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NFunky

Low lunar/munar flyby

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Hey guys
 
Got a follow on question to something I asked before.  I'm playing with RO/RSS, but I believe this topic should apply to stock as well.
Basically, I'd like to know how to get a perilune below 50 km, that will allow me to correct for an Earth return with 300 m/s dV or less.  I have a bare bones system with Mk1 pod, lunar heatshield, and service bay, on top of a rocket that can comfortably send it to any type of lunar transfer orbit.  I've done a free return successfully now, but I didn't manage to get close enough to complete the contract or get low-space lunar science.  I belive I can increase service module dV by 100 m/s or so, but not much more without designing a whole new rocket.
 
(NOTE: I guess if using stock system, think about the service module as holding 100 m/s or so, and the perimun being less than ~30 km)
 
Thanks!

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Posted (edited)

I still don't quite get it. You set up any old free return orbit that goes equatorially around the mun/moon retrograde. You do a midcourse correction to lower your Pe as low as you like. You fly by the mun/moon taking all the data you like. Once you leave the SOI, you do a small retrograde burn to lower your Kerbin/Earth Pe to some nice reentry altitude and profit. Or you can do it as a prograde burn while you are still zooming past the mun/moon. What part of that is hard? Pictures?

 

Edited by bewing
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I guess I'm being ham handed, cause the smallest correction burns I can get add up to more than 300 m/s.  Is it just not possible to do a low flyby->return unless I have the dV equivalent to get into lunar orbit?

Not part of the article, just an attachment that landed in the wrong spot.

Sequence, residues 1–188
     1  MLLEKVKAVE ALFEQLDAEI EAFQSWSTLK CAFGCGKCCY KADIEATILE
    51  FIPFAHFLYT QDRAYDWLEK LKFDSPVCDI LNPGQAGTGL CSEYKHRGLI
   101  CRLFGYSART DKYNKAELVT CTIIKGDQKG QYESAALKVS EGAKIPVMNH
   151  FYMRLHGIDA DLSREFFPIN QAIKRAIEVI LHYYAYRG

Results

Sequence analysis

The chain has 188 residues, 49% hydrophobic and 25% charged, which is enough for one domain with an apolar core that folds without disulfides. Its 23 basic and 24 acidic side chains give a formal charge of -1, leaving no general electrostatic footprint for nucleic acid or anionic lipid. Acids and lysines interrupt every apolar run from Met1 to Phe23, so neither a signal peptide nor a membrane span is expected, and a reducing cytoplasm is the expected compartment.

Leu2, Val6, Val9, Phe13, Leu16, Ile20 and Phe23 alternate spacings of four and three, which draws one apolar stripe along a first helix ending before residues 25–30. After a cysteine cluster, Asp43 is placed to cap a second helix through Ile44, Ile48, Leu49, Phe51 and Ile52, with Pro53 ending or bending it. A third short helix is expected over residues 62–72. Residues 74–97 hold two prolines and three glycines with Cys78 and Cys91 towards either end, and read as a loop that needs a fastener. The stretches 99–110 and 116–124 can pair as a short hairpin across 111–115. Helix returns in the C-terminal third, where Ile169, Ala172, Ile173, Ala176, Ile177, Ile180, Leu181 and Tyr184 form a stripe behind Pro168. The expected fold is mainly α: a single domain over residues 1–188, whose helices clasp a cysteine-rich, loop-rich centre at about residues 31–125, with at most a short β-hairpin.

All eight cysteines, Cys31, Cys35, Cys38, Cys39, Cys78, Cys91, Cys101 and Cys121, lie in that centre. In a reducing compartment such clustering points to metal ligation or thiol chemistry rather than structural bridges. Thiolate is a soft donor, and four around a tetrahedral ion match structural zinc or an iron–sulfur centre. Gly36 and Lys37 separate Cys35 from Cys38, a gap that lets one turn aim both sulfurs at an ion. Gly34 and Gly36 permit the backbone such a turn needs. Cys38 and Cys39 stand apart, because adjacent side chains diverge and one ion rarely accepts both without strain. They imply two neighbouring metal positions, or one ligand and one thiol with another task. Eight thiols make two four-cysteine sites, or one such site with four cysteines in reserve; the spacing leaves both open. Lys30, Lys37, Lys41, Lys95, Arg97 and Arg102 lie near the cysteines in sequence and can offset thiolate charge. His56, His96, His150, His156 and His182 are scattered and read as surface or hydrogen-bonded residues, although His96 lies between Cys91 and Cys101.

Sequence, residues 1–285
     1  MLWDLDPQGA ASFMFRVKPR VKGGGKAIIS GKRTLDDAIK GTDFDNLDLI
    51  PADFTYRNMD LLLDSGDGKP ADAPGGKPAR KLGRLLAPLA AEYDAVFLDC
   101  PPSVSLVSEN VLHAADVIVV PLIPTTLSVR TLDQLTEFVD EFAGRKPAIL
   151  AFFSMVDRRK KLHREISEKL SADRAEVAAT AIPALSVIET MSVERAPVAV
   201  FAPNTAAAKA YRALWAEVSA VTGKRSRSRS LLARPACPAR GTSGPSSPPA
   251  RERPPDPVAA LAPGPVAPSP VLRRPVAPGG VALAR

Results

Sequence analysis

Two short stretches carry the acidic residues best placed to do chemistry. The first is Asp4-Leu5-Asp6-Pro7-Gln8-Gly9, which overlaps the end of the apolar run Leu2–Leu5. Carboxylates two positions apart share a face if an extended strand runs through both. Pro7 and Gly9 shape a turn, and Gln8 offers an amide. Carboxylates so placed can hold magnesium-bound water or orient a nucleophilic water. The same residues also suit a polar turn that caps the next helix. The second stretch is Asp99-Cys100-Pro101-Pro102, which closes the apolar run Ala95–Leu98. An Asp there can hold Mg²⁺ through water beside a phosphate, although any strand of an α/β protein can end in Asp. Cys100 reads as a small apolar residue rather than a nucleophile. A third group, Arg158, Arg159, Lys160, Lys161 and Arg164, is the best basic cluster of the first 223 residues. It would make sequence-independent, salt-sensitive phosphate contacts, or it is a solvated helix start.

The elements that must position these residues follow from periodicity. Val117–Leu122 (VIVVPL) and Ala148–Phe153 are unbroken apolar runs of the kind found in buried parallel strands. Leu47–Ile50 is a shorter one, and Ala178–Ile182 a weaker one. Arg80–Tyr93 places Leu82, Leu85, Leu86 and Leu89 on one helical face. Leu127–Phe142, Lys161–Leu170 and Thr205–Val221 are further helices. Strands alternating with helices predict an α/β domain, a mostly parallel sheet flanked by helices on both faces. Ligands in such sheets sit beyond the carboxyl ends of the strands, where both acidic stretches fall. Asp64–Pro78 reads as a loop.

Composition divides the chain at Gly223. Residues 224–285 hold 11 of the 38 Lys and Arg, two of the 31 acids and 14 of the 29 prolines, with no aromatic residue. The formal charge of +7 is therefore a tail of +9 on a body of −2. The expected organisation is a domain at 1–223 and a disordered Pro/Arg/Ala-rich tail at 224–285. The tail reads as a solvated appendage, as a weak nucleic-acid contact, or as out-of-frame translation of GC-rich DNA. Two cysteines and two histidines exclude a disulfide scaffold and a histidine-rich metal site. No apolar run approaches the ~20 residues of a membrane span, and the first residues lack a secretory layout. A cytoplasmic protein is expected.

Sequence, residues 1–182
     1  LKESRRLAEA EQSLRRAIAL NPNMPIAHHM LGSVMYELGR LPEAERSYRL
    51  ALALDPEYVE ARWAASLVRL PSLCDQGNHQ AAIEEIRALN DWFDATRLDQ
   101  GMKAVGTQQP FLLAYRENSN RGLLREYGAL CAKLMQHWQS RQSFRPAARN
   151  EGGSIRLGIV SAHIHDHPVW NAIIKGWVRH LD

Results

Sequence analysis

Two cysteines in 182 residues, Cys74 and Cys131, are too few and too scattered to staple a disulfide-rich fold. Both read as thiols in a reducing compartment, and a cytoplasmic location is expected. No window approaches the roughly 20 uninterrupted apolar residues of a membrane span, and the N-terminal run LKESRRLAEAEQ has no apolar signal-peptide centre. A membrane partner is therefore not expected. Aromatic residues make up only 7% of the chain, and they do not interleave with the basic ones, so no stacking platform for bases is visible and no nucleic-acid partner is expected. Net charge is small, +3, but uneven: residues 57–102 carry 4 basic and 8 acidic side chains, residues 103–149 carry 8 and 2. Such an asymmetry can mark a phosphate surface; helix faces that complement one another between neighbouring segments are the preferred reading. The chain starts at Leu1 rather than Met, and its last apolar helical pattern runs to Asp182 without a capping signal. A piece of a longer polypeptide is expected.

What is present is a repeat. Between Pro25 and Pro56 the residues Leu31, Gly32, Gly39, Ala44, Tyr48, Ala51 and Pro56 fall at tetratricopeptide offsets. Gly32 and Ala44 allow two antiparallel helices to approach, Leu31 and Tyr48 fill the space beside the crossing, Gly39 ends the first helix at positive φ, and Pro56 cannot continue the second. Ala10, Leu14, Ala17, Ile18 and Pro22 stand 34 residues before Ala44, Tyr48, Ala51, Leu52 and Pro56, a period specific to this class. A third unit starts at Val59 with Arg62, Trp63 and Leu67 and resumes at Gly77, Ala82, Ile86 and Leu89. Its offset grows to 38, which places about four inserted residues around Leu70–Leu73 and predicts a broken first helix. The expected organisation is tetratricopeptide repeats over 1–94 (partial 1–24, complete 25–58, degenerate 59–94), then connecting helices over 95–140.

Approximately where, around the moon, should I try to put my periapsis?  I still don't have an intuitive grasp on how the radial vs. retrograde acceleration (from the moon's gravity) works.

I've been assuming that the closer my perilune is to the line of the moon's orbit (in front), the stronger the retrograde acceleration, but it doesn't appear to really work like that.  It looks like a combination of a retrograde and anti-radial assist is what I nneed, but I'm not sure how to go about getting it.

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Posted (edited)

Well, for a free-return orbit, the more hyperbolic the better at the destination. That is, you want to pick up the least gravity slingshot possible. Now, trying to get low altitude science is directly contrary to that, of course. Because the lower you get the more gravity you feel, and the longer you feel it.

So basically, the orbit you start with takes you from low orbit around your homeworld out to your Ap. If you meet nothing while you are there, you come back to a nice low Pe around your homeworld. But (unfortunately) you encounter a celestial object on your voyage that gives you a slingshot -- prograde and somewhat radial in (from your homeworld's perspective). To get back home once you leave this SOI, you need to get back to that nice low Pe around your homeworld that you had when you started. So you have to cancel out whatever gravity slingshot you picked up.

Which means that (from your homeworld's perspective) you want your burn to be retrograde, and maybe somewhat radial out. And for oberth reasons, you want to do the majority of your burn near your Pe if you want to maximize efficiency. This has the added benefit of getting you out of the Mun/Moon's SOI quickly, which reduces the slingshot. So, the spot where you are moving retrograde WRT the homeworld is exactly over the backside of the mun/moon, and probably the best place to start burning (prograde, WRT the local SOI) is just before that point. The exact location of the Pe doesn't really matter much though, as you'll be going quite fast though that whole encounter.